|Quadrangle map, 1:250,000-scale||PE|
|Quadrangle map, 1:63,360-scale||C-1|
|Nearby scientific data||Find additional scientific data near this location|
|Location and accuracy||The AMAX Molybdenum prospect consists of 4 deep holes drilled between 1976 and 1981 by Amax Exploration Inc. The holes extend along a line about 5,000 feet long trending about N 40 W. The location is at about the center of this line of holes, near the site of one of the holes. Still and others (2002) locate the holes precisely on their Plate 3. The center of the line of holes is at an elevation of about 3,000 feet about 1.3 miles southwest of Mount Waters and about 0.6 mile south-southwest of the center of section 6, T. 62 S., R. 85 E., in Groundhog Basin. The location is accurate.|
The rocks in the prospect area are part of a belt of Mesozoic or Paleozoic sedimentary and volcanic rocks that have been metamorphosed to schist and gneiss. The belt is about 1 1/2 mile wide and strikes northwest (Brew, 1997; George and Wyckoff, 1973). The metamorphic rocks are bounded on the east by a thick, regionally extensive, 60 to 70 Ma tonalite sill and on the west by a 90 Ma granodiorite pluton (Brew, 1997 Still and others, 2002). On the north side of Groundhog Basin adjacent to the lines of drill holes that define this prospect, the metamorphic rocks are intruded by a 16.3 Ma biotite 'tin' granite pluton about 1,000 by 2,0000 feet in size. The granite is probably the source of the numerous rhyolite dikes and sills that extend from it and the mineralization in the area (Newberry and Brew, 1989).From 1976 to 1981, AMAX Exploration Inc. drilled four holes, 506 to 2,727 feet deep, to test the molybdenum potential of the small biotite granite exposed on the ridge northeast of the drill holes. During surface mapping in the area, AMAX collected samples that contained up to 5,000 parts per million (ppm) molybdenum in the biotite granite stock and gneiss (AMAX Exploration Inc., 1981a, 1981b). The mineralization consists of thin fractures with molybdenite in the granite and gneiss. The molybdenite is associated with quartz and fluorite in stringers and vugs, sericite-chlorite alteration, and some tungsten in the assays. The four holes that AMAX drilled were oriented to penetrate the granite at depth and three of the holes did so. Mineralization was cut in several of the holes but the best interval contained only 69 parts per million molybdenum. Still and others (2002) examined the area as part of a Bureau of Land Management mineral assessment of the area but their work was confined to a few surface samples.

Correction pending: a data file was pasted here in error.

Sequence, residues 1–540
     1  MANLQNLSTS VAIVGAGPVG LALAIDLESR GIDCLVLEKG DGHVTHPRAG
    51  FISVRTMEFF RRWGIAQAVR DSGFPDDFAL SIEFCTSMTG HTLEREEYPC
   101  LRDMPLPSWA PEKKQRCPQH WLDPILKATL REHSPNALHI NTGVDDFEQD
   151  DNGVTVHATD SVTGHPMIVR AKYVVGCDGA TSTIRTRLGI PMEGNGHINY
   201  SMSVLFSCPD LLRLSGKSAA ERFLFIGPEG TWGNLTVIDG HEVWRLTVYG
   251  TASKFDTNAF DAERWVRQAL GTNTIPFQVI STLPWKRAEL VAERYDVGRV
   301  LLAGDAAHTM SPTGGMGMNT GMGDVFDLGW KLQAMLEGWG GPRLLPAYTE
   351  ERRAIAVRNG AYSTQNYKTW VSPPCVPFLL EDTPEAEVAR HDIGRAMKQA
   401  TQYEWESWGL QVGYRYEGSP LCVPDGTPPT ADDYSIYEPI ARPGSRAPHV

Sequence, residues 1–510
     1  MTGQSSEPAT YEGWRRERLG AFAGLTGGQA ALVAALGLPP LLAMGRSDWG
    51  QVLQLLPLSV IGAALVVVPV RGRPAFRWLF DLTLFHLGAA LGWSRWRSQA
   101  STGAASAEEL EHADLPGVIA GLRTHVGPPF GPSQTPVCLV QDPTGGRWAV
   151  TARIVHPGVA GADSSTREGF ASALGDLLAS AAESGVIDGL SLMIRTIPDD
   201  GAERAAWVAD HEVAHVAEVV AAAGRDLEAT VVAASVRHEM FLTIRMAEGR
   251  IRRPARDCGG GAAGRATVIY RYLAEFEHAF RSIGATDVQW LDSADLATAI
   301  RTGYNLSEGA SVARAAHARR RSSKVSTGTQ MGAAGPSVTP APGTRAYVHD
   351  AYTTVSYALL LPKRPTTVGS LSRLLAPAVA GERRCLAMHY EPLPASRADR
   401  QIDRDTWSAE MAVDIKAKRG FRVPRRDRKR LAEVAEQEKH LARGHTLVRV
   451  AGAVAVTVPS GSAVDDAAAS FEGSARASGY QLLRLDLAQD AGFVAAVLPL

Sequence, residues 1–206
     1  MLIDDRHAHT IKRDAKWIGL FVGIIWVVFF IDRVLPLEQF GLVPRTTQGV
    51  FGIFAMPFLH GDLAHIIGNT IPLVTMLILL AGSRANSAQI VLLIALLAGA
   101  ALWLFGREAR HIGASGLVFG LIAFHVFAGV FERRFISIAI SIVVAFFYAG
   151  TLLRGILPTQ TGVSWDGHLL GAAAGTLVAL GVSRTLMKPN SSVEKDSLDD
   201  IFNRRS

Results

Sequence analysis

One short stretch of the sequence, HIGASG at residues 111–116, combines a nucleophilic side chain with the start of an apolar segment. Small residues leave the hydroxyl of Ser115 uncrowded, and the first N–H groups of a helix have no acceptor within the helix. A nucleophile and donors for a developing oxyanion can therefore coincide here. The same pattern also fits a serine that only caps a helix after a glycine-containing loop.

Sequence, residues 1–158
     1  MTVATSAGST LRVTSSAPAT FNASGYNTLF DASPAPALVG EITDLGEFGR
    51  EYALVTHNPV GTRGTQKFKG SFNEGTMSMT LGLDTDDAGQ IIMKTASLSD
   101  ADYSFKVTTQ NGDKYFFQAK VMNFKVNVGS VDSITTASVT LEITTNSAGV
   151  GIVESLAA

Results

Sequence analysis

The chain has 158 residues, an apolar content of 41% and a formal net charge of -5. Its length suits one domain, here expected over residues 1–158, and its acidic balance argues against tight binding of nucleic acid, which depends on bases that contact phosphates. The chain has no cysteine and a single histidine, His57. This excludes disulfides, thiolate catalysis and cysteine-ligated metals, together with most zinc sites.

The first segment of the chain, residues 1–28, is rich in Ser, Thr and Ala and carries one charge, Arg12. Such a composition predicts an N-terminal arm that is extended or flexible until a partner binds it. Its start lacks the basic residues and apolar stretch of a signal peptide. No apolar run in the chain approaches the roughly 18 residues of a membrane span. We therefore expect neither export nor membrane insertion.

|Geologic map unit||(-132.062381450338, 56.5160658581491)|
|Mineral deposit model||Porphyry molybdenum.|
|Age of mineralization||Associated with a 16.3 Ma granite.|
|Alteration of deposit||The molybdenite is associated with quartz and fluorite in stringers and vugs and sericite-chlorite alteration.|
|Workings or exploration||From 1976 to 1981, AMAX Exploration Inc. drilled four holes, 506 to 2,727 feet deep, to test the molybdenum potential of the small biotite granite pluton exposed on the ridge northeast of the drill holes. They also did considerable surface mapping in the area. A few surface samples collected by Still and others (2002).|
|Indication of production||None|
AMAX Exploration Inc., 1981a, Ground Hog Basin project geochemical maps, 2 sheets (Unpublished maps on file at the Minerals Information Center, Bureau of Land Management, Juneau, Alaska).
AMAX Exploration Inc., 1981b, Whistlepig property sample location map, 1 sheet, scale 1:12,000 (Unpublished report on file at the Minerals Information Center, Bureau of Land Management, Juneau, Alaska).
George, R.H., and Wyckoff, B.S., 1973, Whistlepig mineral exploration program, Alaska, Final report 1972 (with attached diamond drill hole logs and analyses): Unpublished El Pas National Gas Company report 109 p. 12 sheets (available at the Bureau of Land Management, Minerals Information Center, Juneau Alaska).
Newberry, R.J., and Brew, D.A., 1989, Epigenetic hydrothermal origin of the Groundhog Basin-Glacier Basin silver-tin-lead-zinc deposits, southeastern Alaska: U.S. Geological Survey Bulletin 1903, p. 113-121.
Still, J.C., Bittenbender, P.E., Bean, K.W., and Gensler, E.G., 2002 Mineral assessment of the Stikine area, central Southeast Alaska: U.S. Bureau of Land Management Technical Report 51, 560 p.
|Reporters||D.J. Grybeck (Port Ludlow, WA)|
|Last report date||3/4/2008|